Many people are happy to share that they have a revocable living trust
as part of their estate plan. In a lot of cases, they are happy to have
the revocable living trust because it avoids probate. Probate isn’t
bad in all situations, but if one of the reasons you have a revocable
living trust is to avoid probate, you can’t accomplish your goal
of avoiding probate if you don’t put anything in the trust.
A revocable living trust is like a bucket. When you complete your estate
plan, you have a bucket but it is empty. You have to take the next step
and actually change the ownership of whatever you want to put in the trust
so that the trust owns the asset instead of you personally. If the trust
owns it, then it is in the bucket. If the trust doesn’t own it,
then it is not in the bucket. You can tell if the trust owns it by looking
for the words “Trustee” after your name on the ownership papers
for each of your assets.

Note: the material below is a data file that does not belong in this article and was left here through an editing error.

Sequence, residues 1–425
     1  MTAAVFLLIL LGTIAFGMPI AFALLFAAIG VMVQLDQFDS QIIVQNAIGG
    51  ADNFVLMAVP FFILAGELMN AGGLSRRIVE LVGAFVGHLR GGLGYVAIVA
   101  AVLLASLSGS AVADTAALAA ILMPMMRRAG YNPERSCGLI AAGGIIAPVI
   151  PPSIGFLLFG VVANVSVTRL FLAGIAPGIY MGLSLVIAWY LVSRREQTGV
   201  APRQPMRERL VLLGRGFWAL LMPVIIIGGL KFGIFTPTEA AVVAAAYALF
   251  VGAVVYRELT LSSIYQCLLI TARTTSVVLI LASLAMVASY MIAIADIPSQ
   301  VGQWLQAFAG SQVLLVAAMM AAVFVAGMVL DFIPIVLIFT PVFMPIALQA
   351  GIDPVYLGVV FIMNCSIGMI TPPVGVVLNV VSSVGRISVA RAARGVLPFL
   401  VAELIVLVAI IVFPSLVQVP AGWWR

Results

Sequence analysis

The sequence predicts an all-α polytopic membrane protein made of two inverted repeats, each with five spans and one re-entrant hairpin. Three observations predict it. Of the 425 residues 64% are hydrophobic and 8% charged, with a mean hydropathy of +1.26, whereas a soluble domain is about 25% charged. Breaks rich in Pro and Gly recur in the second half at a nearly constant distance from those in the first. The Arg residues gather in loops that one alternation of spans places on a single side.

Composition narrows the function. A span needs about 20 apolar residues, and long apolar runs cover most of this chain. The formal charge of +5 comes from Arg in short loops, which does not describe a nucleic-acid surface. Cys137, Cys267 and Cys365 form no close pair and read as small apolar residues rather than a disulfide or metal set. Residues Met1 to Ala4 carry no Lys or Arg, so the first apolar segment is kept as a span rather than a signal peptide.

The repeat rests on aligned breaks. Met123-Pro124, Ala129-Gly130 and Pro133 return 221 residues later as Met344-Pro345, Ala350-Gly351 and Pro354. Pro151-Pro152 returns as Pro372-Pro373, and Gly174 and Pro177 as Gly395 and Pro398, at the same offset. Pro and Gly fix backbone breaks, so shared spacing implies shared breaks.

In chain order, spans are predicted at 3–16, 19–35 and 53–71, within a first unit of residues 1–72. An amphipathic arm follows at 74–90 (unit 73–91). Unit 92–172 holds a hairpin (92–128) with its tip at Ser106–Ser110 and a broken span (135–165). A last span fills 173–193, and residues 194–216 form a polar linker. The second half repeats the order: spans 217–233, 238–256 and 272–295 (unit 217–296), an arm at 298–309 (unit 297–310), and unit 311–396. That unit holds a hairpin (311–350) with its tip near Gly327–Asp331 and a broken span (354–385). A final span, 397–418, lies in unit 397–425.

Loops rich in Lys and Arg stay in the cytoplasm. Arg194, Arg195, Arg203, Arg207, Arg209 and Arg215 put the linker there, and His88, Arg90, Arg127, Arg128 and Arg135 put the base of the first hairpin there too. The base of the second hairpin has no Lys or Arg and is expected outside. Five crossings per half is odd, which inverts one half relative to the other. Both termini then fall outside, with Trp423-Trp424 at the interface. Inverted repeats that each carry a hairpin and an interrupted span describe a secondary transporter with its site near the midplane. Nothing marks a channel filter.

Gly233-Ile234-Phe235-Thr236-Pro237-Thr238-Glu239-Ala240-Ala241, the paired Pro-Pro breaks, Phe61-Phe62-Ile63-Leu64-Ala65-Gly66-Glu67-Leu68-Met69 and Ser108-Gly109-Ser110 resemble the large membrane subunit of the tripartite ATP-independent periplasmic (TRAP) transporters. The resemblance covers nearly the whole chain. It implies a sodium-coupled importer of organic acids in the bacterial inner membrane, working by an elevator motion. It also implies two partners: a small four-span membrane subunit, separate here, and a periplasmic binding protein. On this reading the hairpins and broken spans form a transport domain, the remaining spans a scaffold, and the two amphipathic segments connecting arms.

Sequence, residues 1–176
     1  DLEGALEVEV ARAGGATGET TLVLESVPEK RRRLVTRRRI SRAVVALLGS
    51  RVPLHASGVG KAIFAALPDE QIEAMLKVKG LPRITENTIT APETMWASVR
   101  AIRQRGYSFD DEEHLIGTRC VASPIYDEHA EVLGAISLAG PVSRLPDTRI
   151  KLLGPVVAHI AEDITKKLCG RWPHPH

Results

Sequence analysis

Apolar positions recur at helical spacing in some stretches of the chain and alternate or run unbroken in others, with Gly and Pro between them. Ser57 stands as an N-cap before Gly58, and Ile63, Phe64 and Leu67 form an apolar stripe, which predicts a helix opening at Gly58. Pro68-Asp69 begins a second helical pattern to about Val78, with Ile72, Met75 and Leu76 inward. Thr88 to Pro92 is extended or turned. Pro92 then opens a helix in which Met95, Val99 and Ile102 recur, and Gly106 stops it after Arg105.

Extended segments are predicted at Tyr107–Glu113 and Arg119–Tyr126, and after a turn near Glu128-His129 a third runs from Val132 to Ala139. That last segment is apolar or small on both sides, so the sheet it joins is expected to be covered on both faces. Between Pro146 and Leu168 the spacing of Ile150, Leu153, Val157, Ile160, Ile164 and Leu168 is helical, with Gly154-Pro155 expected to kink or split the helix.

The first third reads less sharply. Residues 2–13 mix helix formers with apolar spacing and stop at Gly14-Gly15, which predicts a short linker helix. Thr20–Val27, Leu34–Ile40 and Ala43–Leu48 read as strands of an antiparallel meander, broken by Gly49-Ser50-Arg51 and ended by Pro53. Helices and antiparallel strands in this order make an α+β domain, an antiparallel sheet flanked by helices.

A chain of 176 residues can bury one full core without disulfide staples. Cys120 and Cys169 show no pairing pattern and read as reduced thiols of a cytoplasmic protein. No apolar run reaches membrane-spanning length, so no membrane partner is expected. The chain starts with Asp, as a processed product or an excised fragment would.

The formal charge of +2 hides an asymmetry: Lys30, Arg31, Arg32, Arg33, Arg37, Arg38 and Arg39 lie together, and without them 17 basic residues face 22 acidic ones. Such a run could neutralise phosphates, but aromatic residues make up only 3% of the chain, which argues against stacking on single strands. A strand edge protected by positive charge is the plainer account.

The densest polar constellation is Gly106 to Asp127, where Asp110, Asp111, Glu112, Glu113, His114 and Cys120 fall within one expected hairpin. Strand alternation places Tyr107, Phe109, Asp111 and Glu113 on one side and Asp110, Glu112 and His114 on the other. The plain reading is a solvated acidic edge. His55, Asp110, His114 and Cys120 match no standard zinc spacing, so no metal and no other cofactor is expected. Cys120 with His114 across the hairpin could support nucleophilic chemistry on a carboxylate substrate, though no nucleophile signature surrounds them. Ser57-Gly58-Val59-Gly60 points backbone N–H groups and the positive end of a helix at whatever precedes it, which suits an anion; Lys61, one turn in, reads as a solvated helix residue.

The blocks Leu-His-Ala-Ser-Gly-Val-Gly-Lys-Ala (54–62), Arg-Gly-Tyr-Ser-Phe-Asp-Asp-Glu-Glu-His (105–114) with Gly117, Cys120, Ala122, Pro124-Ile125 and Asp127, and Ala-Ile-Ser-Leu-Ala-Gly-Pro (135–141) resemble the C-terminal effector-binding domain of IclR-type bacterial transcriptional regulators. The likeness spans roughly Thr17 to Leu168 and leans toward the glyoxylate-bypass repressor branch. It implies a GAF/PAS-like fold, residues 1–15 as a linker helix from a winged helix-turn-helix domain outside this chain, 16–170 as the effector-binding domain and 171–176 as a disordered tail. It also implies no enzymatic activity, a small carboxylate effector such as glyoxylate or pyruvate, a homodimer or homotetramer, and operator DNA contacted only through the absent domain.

It is equally important to have your assets in your bucket for ease of
administration while you are still alive, but no longer able to legally
make your own decisions. In that case, the successor trustee named in
your trust (chosen by you) steps in and makes decisions about everything
that is in the bucket for you.
If your assets are not in your trust, then your successor trustee has no
ability to step into your shoes. For items outside of your trust bucket
you have to rely on your agent under your durable power of attorney. If
you have not appointed an agent, then you have to rely on the guardian
that the guardianship court chooses for you.
So, don’t carry around an empty bucket. Take the necessary steps
to actually put assets into the bucket.